Everyone says its ‘back to the 1990s’ – meaning pre-Kirschner monetarism – but it’s hard to see any signs of militant resistance to the new order. Income tax and VAT are certainly up but basic rate of pay for school-teachers has just been raised by 30% in a new pay deal. I spoke to a thoughtful pharmicist who said ‘there’s only one world economy, alas’, and this I took to be the death-knell of centralist economics. Granted, there is a poster campaign in progress complaining about the dismissal of bank employees who were involved in the Kirschner fiscal system – but the reaction to this presumed example of ‘vengenza’ has not advanced beyond brass-band bugling on the steps of the Central Bank (as shown). Meanwhile, the police squads are standing kinda-ready for kinda-demonstrations in Republic Square – which is an open air theatre for all the great events of Argentinian history. Maybe it’s the weather. With temperatures up to 40 Celsius no one is thinking of counter-revolution. (PS There is a big march for ‘despidos en el setor estatal’ today.)
Perhaps the key think about the change of government is its departure from the template in which the leadership get elected by a great working-class majority whether their style is genuinely democratic or elitist. This is known as Peronism – named after Juan Perón who married Army leadership with government twice in the history of Argentina. Indeed, the popular elitist government on the model of Peron is more or less the pattern – a contradiction which is somewhat shared with Brazil. This strange capacity for rallying enormous plebiscites of urban poor and rural peasants to support governments which dish out benefits on a blatantly partisan basis is a hall-mark of South American politics. It looks like populism but it acts like clientism. Needless to say, the new ministries and their political supporters are their own best clients. Whatever about the Kirschner scheme of things – which hit the rock that sinks all centralisms – the Peronist version offered the bizarre prospect of a maverick dictatorship preaching humanitarianism all over the globe. I was reminded by a video-show at the Museum that Evita Peron visited Monaco on her European tour – and it is tempting to suppose that the Princess Grace Foundation which does hospitals and stuff all over the world is partly modelled on the Peronist example. (The would hate you saying that in Monte Carlo.)
One thing you can’t fail to notice here – after you’ve counted up the Nazi immigrants – is the Irish legacy from Admiral William Brown onwards. In testimony to which our embassy has mounted a 1916 Commemoration page honouring the part that Argentina played in the early recognition of the independent Irish state and the long tradition of republican supporters associated with The Southern Star and the Bulfin family, pere, fils et fille. A son was Irish ambassador from the First Dail and a daughter was in the GPO but the father was the author of a political tour of Ireland which unfortunately incorporates a specimen of nationalist anti-semitism. (He also gets a look-in in Joyce’s “Gas from a Burner”.)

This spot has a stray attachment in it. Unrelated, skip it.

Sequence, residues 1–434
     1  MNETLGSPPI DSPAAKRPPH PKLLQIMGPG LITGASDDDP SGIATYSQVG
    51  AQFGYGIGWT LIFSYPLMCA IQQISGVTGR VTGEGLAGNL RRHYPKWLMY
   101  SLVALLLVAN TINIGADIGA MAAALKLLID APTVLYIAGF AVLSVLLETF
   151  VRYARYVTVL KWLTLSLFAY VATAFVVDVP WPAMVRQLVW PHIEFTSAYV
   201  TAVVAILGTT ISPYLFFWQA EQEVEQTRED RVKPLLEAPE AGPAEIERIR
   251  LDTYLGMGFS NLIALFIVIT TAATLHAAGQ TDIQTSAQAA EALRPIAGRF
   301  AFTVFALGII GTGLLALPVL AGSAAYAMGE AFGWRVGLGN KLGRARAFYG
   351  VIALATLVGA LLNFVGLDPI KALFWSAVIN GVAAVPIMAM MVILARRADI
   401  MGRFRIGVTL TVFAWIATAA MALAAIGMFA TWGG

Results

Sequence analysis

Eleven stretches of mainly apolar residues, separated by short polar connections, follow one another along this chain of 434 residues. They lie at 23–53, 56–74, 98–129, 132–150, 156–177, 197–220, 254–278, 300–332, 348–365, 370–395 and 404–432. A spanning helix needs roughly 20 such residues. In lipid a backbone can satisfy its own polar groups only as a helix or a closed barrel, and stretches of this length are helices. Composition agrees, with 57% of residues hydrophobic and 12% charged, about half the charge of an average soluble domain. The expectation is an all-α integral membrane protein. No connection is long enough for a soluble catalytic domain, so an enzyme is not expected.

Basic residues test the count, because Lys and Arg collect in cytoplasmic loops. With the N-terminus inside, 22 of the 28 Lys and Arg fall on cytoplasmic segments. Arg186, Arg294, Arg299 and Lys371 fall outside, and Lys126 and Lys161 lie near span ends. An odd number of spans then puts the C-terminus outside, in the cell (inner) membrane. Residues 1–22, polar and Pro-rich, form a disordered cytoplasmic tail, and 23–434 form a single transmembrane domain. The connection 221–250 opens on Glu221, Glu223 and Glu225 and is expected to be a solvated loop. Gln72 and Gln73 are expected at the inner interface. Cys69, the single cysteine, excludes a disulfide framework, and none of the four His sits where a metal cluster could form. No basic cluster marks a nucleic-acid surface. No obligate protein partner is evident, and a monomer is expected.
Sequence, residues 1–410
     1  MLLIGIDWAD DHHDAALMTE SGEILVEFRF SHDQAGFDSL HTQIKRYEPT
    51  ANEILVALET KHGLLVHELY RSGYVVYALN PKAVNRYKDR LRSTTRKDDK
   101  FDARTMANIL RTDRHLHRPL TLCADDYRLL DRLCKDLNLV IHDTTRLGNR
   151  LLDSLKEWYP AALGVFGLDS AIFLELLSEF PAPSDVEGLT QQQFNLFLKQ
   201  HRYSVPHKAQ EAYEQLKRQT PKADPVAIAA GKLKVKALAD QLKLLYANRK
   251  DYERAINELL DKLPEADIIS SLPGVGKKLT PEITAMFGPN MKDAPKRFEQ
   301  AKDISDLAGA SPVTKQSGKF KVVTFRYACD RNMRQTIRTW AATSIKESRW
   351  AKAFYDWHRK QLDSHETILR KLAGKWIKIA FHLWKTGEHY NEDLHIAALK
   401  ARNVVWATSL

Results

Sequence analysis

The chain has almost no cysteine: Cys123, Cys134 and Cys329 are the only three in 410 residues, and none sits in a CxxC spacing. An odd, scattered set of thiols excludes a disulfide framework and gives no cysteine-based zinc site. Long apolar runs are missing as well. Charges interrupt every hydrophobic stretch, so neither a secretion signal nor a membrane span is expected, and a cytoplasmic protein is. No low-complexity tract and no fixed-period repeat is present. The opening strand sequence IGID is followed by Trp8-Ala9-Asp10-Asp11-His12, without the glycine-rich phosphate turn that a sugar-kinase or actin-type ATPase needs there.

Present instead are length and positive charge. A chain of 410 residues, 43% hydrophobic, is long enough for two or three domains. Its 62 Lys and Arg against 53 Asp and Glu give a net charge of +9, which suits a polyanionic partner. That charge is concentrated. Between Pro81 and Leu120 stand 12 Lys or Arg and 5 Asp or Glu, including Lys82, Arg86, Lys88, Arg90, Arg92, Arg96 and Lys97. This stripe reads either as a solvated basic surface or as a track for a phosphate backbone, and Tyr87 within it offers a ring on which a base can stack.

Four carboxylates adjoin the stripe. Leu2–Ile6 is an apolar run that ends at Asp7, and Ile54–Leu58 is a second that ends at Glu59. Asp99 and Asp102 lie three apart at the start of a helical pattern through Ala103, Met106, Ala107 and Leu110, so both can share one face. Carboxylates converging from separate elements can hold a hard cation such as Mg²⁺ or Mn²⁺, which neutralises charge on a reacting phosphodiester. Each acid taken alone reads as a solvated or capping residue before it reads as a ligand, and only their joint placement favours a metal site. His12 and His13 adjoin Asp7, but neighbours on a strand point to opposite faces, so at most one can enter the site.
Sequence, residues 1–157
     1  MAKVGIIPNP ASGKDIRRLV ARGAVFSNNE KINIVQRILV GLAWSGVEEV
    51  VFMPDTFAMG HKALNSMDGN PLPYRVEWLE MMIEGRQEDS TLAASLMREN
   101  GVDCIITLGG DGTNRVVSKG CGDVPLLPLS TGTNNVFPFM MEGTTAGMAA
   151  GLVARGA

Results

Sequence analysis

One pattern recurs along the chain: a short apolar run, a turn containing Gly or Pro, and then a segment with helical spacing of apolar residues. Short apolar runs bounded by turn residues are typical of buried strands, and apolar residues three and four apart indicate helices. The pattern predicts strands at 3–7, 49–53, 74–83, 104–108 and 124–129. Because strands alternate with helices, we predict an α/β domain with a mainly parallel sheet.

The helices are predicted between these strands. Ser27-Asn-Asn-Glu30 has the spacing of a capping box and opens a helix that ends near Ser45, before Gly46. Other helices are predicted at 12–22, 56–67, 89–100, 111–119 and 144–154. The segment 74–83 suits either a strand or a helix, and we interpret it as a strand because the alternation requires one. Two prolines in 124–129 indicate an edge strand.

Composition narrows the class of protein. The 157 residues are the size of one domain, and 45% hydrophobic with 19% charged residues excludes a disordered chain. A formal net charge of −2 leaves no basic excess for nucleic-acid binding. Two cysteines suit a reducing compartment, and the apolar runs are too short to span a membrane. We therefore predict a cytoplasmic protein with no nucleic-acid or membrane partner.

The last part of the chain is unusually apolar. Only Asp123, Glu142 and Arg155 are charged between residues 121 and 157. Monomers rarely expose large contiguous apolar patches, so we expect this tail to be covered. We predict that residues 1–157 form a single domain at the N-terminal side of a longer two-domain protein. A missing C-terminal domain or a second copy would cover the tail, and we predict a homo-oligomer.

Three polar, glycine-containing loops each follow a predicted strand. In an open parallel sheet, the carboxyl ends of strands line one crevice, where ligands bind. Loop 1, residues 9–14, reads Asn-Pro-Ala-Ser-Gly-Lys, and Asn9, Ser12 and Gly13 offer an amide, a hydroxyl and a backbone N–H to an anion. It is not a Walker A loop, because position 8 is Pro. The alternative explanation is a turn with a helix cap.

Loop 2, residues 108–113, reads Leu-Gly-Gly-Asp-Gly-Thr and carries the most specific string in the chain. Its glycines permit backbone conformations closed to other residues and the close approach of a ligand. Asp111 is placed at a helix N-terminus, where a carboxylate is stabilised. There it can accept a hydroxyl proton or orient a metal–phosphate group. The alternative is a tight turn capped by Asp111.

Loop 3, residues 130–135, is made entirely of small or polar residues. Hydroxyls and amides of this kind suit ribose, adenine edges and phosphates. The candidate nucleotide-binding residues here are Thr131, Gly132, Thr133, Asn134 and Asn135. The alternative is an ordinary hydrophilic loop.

It is strange, indeed, how many Irish names crop up in bookstores. James P. Brennan of Spanish Civil War renown, of course, but also Pacho O’Donnell on the Kirchners and Maria O’Donnell (any relation?) on the fearsome Montoneros.And then there was Rodolfo Walsh, sometimes called the father of investigative journalism on account of his revelations about the murders of enemies of the junto – who was himself assassinated for his part in the Montoneros movement. Peronist and Leftists, the Montoneros sought to establish a socialist Argentina when Peron was returned to power in the 1970s.
It can plausibly argued that their murderous ‘spectaculars’ – ranging from the Sheraton Bombing to the assassinate of General Amarburu – triggered the appalling epoch of mass-murder in the 1970s and after when an estimated 220,000 disappeared at the hands of army groups working for the dictatorship. But all of this is subsumed in the wider ‘struggle’ between left and right which has scarred the mo
dern history of every South American country in varying degrees and which, like the IRA in Northern Ireland hasn’t ‘gone away’ – as Gerry Adams famously said.
Right. That’s enough for now. Except to say that the Argies were fools to try and grab the Falklands the way they did and the sinking of the Belgrano was a terrible tragedy but the Malvinas do belong to Argentina in the last analysis and there’s no real answer to that. So face up to it, UK, and do the decent thing. Dismantle the Falkland Islands Company today. It totally is not worth fighting for – all the more considering that the bastards were selling hardware to the Argentinians throughout Thatcher’s dirty little war.